Day 48: To Be A Good Woman

The ferry reach Bellingham, Washinton early first thing in the morning. We all unloaded and went our separate ways with many well wishes and vigorous waves goodbye. I headed south on 5 a little ways to catch 90 outside of Seatle, that great highway that runs all the way to Boston. Set out due eastward on 90, passing through the Cascade Mountains. In high school I spent a week in them once for a youth group conference. Snow capped mountains in August above, and salmon swimming upstream to spawn below. Visited it's eastern side of the first time. Sage brush grasslands occasionally heavily irrigated from underground wells to coax an agriculture oasis from otherwise arid lands. Saw my first dust storm today, a small cyclone in a valley kicking up dirt high to the sky.

I only have two days left to decide what to do about grad school. Finally got around to thinking about it long and hard, and talking it over with a few key people during the lonely stretches of drive today. More and more it looks like I'll defer a year. It just isn't something you should do unless you're hundred percent sure, and I'm less than that. Not exactly sure what I'll do instead, though I've got some dreams. It's a little alarming to achieve something you've thought you wanted for years, and find that maybe you really wanted something else. More than anything I want to be a good woman, but I'm not quite sure what that entails. I may have been on earth for twenty five years, yet I'm still little more than a small, brown, lost girl.

Hit Idaho for the first time. Unfortunately, I was running tight on time and couldn't find anything to do. Ended up blowing threw the state. Looked like a lot of small mountains coated in white pines, and occasionally dotted with quaint communities. Though admittedly, Coeur d'Alene Lake was a vast, shining gem of a geological feature.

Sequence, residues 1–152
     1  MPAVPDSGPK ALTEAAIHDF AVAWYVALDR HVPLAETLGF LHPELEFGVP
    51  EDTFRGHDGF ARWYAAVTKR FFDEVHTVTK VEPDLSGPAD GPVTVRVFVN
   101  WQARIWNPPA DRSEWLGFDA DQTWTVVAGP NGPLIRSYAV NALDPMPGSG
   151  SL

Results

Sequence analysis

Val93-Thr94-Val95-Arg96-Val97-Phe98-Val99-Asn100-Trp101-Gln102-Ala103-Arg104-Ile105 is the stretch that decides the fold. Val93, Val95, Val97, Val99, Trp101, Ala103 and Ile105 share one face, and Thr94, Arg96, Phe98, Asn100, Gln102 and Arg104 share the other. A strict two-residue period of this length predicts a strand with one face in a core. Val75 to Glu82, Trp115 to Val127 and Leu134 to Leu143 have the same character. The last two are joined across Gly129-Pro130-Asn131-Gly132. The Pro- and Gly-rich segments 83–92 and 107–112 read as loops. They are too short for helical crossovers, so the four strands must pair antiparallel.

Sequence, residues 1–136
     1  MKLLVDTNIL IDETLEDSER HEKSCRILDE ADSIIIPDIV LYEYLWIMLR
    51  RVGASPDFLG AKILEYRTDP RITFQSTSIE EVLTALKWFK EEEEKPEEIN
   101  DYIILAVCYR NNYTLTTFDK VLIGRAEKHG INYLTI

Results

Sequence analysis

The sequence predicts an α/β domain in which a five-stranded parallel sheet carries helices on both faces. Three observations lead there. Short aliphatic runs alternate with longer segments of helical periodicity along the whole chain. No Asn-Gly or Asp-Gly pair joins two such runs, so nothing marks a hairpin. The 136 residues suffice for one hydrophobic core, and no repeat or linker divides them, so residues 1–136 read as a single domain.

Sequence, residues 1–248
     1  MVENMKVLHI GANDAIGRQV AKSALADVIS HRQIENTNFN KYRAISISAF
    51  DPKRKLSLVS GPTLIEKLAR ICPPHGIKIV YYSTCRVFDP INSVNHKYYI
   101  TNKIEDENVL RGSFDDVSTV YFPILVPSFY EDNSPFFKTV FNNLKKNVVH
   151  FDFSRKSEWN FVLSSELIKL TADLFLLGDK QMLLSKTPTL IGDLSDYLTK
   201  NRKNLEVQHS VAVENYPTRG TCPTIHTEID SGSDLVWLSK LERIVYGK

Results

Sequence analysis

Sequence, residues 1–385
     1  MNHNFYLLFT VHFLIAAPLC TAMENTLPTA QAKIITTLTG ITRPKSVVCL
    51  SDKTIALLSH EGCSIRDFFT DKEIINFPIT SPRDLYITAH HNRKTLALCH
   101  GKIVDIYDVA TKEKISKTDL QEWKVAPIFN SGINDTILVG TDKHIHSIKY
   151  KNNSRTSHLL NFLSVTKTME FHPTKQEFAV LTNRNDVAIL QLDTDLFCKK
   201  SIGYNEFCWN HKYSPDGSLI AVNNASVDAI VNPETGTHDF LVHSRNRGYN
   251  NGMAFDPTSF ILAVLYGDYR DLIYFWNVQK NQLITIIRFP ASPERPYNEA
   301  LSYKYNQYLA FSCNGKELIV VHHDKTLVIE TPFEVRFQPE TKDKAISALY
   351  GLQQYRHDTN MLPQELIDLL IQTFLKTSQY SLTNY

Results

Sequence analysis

Mostly, I was all kinds of excited to get to Montana. I had been once before a couple years ago to visit Yellowstone and Glacier National Parks, and had fallen for the state hard. At sunset there was a spectacular moon rise over the mountains as I neared Missoula. In the city I met up with my couchsurf host, a lovely lady named Lauren. Turns out she recently graduated from U of D, and in all likelihood we've unknowingly attended parties together. She took me to a fabulous bar call The Union. It looked like a particularly hip VFW or American Legion Hall, delicious local beers were on tap for exceptionally reasonable prices, and all ages over 21 were getting down to a jazz-soul-blues-funk-jam-zydeco band improvising covers with a full compliment of instrumentalists. There were some competition quality dancers in the crowd, but that didn't stop any and all from shaking a tail feather. Oh how we shook! So far I'm enjoying Missoula thoroughly. Once again it looks like Montana is liable to run off with my heart.
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